Streamline onboarding costs: By identifying the most efficient and cost-effective data providers, fintech firms can reduce the expenses associated with customer onboarding. This efficiency not only cuts costs but also speeds up the time to market for new services.

Strategic resource allocation: With better insights into the cost and quality of data from different providers, companies can allocate their budgets more effectively, ensuring that every pound spent maximises value and supports strategic business objectives.

Enhance risk management: Reliable credit data is a cornerstone of robust risk management strategies and compliance with increasingly stringent regulations. Choosing the right data providers is critical in these areas.

To sum up: By prioritising high-quality data and informed provider selection, fintech firms can enhance their operational strategies, offering superior value to their customers and achieving more with less. This approach to data is what will define the next wave of innovations and efficiency in the fintech sector.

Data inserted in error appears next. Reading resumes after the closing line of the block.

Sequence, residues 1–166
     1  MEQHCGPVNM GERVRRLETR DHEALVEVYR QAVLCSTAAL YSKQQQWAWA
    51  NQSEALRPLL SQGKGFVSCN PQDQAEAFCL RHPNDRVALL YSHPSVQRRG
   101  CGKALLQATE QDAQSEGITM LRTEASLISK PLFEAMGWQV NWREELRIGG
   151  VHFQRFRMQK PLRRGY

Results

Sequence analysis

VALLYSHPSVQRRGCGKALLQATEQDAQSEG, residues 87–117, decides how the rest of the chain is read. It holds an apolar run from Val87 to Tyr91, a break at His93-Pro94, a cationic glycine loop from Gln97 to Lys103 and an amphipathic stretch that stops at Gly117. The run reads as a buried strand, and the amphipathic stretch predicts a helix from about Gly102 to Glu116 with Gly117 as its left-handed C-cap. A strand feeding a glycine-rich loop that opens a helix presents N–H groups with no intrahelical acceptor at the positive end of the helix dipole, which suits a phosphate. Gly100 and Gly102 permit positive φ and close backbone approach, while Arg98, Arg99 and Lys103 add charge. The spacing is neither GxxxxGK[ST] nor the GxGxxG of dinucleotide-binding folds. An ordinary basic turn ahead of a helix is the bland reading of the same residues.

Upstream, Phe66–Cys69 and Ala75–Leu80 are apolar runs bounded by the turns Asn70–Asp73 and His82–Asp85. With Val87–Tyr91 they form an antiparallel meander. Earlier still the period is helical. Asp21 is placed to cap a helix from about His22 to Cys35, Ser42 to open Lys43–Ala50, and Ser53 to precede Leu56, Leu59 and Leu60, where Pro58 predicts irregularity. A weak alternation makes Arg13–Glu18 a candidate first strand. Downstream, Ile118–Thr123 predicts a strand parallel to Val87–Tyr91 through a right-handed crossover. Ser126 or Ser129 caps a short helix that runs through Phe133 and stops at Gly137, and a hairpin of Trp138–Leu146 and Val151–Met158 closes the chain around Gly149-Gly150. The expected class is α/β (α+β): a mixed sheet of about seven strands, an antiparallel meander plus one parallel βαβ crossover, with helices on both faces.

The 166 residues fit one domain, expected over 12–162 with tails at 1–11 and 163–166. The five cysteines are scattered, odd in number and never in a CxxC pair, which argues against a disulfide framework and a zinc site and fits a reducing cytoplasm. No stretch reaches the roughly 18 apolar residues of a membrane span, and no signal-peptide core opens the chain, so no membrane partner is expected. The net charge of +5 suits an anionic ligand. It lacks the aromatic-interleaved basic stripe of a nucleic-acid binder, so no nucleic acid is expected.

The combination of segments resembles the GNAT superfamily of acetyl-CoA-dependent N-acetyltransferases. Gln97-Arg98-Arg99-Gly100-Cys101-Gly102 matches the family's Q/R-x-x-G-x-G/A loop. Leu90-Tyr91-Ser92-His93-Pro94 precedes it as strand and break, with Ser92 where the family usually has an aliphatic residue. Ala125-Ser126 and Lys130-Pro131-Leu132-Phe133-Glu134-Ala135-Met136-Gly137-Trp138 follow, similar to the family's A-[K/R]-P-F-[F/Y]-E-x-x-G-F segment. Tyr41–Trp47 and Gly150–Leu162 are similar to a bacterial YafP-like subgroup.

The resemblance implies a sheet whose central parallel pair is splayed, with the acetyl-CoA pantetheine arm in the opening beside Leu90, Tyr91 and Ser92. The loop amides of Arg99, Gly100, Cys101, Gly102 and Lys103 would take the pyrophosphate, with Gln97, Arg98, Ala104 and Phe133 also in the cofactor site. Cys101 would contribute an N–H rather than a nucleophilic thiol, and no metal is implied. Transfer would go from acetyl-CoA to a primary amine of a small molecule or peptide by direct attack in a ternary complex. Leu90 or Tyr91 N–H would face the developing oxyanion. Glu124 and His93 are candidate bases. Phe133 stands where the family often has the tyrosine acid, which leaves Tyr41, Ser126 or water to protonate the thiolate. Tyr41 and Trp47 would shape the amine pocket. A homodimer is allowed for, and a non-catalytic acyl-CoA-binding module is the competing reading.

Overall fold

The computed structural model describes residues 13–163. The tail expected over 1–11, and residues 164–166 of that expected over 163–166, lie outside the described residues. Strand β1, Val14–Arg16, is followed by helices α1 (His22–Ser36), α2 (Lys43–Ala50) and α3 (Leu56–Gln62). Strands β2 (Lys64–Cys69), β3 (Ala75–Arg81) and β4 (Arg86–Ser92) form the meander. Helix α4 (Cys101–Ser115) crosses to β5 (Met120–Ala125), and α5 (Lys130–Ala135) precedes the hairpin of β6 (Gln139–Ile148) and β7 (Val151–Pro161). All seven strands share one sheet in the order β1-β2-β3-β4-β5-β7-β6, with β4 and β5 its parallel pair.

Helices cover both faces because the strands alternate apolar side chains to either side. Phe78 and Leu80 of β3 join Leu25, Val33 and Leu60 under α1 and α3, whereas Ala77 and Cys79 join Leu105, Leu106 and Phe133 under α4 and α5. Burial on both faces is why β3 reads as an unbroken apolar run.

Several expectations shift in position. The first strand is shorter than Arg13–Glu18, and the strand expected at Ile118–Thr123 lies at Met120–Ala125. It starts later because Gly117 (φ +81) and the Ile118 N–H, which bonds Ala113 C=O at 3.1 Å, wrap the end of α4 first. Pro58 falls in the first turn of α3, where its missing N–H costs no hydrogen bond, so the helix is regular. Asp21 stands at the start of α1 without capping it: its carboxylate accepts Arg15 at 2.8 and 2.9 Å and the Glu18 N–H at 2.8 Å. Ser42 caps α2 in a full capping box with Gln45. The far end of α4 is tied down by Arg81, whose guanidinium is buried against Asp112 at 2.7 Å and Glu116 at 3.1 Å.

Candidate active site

Harnessing data for a brighter future in Fintech

The optimism reflected in the recent research underscores the fintech sector's resilience and ability to adapt. Across Europe, fintech leaders aren't just feeling hopeful—they are actively redefining their growth strategies to align with new realities in finance and technology. This realignment heavily emphasises optimising operational efficiencies, securing smart investments, and attracting the right talent—all critical for maintaining a competitive edge.

What’s more, leveraging precise data insights—particularly for understanding and selecting the right credit data providers—remains central to these revamped strategies. By tapping into actionable intelligence, fintechs can make informed decisions that elevate customer value propositions and boost financial performance.

Ultimately, the path ahead for fintech is one defined by strategic innovation, where data-driven decision-making and a steadfast focus on long-term profitability will separate leaders from laggards.